We have used a dry axisymmetric model to simulate the Hadley circulation and to investigate the role of a changing stratification of the thermal forcing, which simulates moist convection that alters the static stability of the model atmosphere. The bi-dimensionality of the model prevents the generation of any eastward traveling wave. Hence, in our discussion, the influence of eddies' momentum fluxes is not taken into account. We have shown that the stream function representing the Hadley circulation in an axisymmetric model can exhibit a periodic behavior when the vertical stratification of the thermal forcing is periodically forced to become neutral. The question that arises is whether this oscillation can be linked with the observed atmospheric fluctuations within the tropical region. Although the Madden–Julian oscillation is a three-dimensional phenomenon with the development of a Kelvin–Rossby wave (Gill, 1980), it is certainly associated with the evolution of convective anomalies (Hendon and Salby, 1994). It has already been suggested that quasi-periodic oscillation seems to be an intrinsic characteristic of the tropical atmosphere, in accordance with the results of Goswami and Shukla (1984). Bi-dimensional models, while they can give us a framework of the basic physics underlying atmospheric processes, are quite limited as the real atmosphere is naturally three-dimensional. The findings of this work suggest that if a cyclic process perturbs tropical stratification, the Hadley circulation strength may be periodic with possible bursts when the perturbation time is larger than 60 days. These results must necessarily be compared with observations of the real atmosphere or to the results of three-dimensional models.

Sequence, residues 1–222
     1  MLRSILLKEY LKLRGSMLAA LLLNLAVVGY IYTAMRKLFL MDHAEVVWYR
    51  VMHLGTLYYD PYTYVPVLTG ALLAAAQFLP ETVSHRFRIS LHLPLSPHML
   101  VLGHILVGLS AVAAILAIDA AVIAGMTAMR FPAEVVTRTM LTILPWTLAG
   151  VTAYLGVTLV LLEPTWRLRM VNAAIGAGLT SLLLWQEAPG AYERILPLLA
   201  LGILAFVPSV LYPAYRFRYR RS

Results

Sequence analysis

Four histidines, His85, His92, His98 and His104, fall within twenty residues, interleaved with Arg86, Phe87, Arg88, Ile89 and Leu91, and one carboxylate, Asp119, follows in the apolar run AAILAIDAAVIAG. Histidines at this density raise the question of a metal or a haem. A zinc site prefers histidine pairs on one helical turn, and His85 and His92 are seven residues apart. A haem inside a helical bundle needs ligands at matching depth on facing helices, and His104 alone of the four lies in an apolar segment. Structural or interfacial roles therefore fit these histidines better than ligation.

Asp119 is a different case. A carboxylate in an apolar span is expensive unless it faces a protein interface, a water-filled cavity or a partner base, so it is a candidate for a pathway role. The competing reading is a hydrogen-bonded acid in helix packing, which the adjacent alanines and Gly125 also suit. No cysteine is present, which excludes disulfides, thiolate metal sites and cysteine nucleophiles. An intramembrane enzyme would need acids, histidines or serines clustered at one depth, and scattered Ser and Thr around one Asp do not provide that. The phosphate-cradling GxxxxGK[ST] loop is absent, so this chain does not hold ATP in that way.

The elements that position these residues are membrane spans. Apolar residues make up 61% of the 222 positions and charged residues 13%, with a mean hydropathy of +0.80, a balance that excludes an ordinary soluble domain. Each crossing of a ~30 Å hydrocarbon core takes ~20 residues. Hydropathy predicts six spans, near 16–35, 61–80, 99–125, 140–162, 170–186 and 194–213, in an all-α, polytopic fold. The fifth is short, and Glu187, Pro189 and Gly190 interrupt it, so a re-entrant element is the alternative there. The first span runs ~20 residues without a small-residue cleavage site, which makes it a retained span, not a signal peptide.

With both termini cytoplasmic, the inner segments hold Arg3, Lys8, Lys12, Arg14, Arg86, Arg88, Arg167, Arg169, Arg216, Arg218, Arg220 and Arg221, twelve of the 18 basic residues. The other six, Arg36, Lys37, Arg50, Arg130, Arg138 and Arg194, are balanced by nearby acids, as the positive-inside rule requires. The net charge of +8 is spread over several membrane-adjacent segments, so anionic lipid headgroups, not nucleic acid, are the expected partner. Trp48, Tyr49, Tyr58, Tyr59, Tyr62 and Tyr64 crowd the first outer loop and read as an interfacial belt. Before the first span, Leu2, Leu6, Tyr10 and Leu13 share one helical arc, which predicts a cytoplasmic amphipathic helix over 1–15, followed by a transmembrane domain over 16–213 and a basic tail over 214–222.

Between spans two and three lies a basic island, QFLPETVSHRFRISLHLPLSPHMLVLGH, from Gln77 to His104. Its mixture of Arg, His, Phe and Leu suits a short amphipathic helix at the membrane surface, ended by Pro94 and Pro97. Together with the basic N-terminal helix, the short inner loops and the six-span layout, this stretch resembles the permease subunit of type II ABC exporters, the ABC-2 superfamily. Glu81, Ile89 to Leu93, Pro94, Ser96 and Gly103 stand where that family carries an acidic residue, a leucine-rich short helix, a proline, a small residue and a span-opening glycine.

If the forcing period is up to 63 days, the stream-function evolution shows a periodic behavior. For period forcing longer than 63 days, the slow frequency associated with the forcing period modulates a fast response in the system, generating a chaotic motion that persists for a period of time before returning to a non-chaotic solution. It is not clear whether these high-frequency characteristics are actually present in the meridional circulation of our planet. In fact, when we look for periodicities on the order of tens of days in observations, the higher-frequency signals are usually removed. Moreover, even though we can detect such signals, it is not easy to associate them with the oscillations caused by a change of static stability, as opposed to other processes. The chaotic dynamics observed in the model could exist on other planets where the vertical stratification takes longer to become neutral. The change of vertical stability that in our model simulates the cycle of large-scale convection might be equivalent to the recharge and discharge of moisture that supports the Madden–Julian oscillation (Zhu and Hendon, 2015). This change of stability can be imagined to control the aggregation process of convection, which allows a bistable equilibrium between moist and dry situations (Raymond and Zeng, 2000; Zhang et al., 2003; Arnold and Randall, 2015). An important aspect is the rate at which this process occurs. As we have shown in the model we consider, when this rate is over 63 days it results, in the short term, in a chaotic impact on the Hadley circulation strength.